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Written by nacl on July 31, 2010 in Feature articles News

The Canberra Declaration was launched in the Commonwealth Parliament on Friday the 23rd of July at a God and Government Conference where the conference members, from all over Australia and some from overseas,  stood and read aloud together on the basis of Psalm 133 and Habakkuk 2:2, the entire Canberra Declaration, declaring it into Parliament House and into the spiritual realm over Australia.

Shortly afterwards, it was read again outside on the  lawns of Parliament House, to the gathered media.

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Dr Graham McLennan reading the Declaration outside Parliament House, Canberra supported by Aboriginal Pastor Norm Miller

It is the work of many individual Christians, clergy and Christian ministries, representing a wide variety of denominations. Over 20 Christian leaders and clergy were involved in the drafting process.  We felt many Australians wouldn’t read it, if it was the length of the 4,000 word Manhattan Declaration, hence the desire to “write the declaration and make it plain” to 850 words.

The Canberra Declaration

The Preamble to the Australian Constitution contains the words, “Humbly relying on the blessing of Almighty God”. As Australian citizens we continue to declare that we too put our trust in Almighty God.

For centuries, to speak of Western civilisation was to speak of Christian civilisation. The two were in many ways synonymous. The values that we have cherished and sought to strengthen are in large measure founded on the Judeo-Christian belief system. The many freedoms, advantages, opportunities, values and liberties which characterise the West owe much to the growth of Christianity with its inherent belief in the dignity of the human person as created in the image of God and the code of behaviour that flows from this belief.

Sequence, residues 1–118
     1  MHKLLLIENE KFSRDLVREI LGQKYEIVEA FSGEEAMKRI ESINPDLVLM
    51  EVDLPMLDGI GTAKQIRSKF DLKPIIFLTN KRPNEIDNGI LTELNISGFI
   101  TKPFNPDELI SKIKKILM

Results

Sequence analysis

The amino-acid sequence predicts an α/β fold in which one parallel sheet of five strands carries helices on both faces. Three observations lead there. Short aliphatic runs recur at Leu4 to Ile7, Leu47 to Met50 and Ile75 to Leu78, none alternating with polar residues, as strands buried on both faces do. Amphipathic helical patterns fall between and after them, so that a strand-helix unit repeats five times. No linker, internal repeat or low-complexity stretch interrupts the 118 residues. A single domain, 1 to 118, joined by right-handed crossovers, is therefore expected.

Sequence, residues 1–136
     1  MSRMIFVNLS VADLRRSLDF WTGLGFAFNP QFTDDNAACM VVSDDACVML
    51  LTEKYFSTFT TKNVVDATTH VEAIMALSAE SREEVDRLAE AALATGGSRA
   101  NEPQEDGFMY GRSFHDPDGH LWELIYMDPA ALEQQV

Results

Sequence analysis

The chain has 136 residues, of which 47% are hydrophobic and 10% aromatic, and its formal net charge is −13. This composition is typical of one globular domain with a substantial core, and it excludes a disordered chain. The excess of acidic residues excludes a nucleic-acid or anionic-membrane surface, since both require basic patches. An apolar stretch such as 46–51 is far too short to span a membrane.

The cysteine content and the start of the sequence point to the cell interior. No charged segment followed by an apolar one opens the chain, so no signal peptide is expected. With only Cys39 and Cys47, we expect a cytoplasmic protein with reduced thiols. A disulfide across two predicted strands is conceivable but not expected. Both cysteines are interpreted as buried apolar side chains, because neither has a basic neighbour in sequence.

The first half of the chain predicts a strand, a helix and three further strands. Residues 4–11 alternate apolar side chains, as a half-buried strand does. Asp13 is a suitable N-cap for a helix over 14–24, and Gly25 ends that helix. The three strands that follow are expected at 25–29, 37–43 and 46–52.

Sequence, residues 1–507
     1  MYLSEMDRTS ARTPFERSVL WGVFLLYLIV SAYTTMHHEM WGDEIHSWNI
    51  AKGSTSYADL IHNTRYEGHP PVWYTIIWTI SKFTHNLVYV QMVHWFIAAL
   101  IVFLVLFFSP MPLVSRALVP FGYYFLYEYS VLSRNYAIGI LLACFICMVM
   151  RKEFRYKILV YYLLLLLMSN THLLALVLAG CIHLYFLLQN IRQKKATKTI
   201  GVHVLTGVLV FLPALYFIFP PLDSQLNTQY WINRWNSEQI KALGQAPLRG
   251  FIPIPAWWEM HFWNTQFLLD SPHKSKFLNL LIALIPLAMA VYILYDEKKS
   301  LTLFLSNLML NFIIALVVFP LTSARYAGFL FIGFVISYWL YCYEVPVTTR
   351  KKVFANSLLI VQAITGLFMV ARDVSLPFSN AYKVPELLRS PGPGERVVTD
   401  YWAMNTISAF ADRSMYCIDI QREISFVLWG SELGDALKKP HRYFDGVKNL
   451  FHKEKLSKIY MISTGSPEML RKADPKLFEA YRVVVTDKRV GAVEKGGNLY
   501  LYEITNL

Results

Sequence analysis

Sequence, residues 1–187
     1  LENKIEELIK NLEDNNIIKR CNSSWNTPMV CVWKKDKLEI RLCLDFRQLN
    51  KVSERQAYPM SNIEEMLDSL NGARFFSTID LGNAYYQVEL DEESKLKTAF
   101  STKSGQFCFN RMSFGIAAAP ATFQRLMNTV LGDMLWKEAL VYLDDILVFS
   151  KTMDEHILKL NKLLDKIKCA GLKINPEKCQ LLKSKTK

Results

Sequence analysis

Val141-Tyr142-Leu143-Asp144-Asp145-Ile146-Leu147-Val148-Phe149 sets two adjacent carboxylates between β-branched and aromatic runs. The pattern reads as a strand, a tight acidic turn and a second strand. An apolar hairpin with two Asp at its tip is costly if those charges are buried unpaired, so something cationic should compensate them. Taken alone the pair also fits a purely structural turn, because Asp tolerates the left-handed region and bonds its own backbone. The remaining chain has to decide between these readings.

The Canberra Declaration follows on from the 2009 Manhattan Declaration and the 2010 Westminster Declaration. It declares that when Christian values are respected and allowed freedom of expression, not just confined to so-called sacred spaces but in the public arena as well, society is richer and healthier.

We wish to emphasise three areas that demand particular attention in our contemporary Australian society, namely religious freedom, marriage and the family, and the sanctity of human life. Were we to undermine any one of these values, the social fabric of our nation would be seriously weakened, to our personal and collective detriment…

The faith which is at the heart of many of the values and strengths underpinning the Australian nation now compels us to speak up in their defence. For the future of this nation, and for our children’s future, we call upon all like-minded citizens to support and sign this declaration.

To read the full Canberra Declaration click on: http://www.canberradeclaration.org.au/index.php?option=com_content&view=article&id=1&Itemid=3

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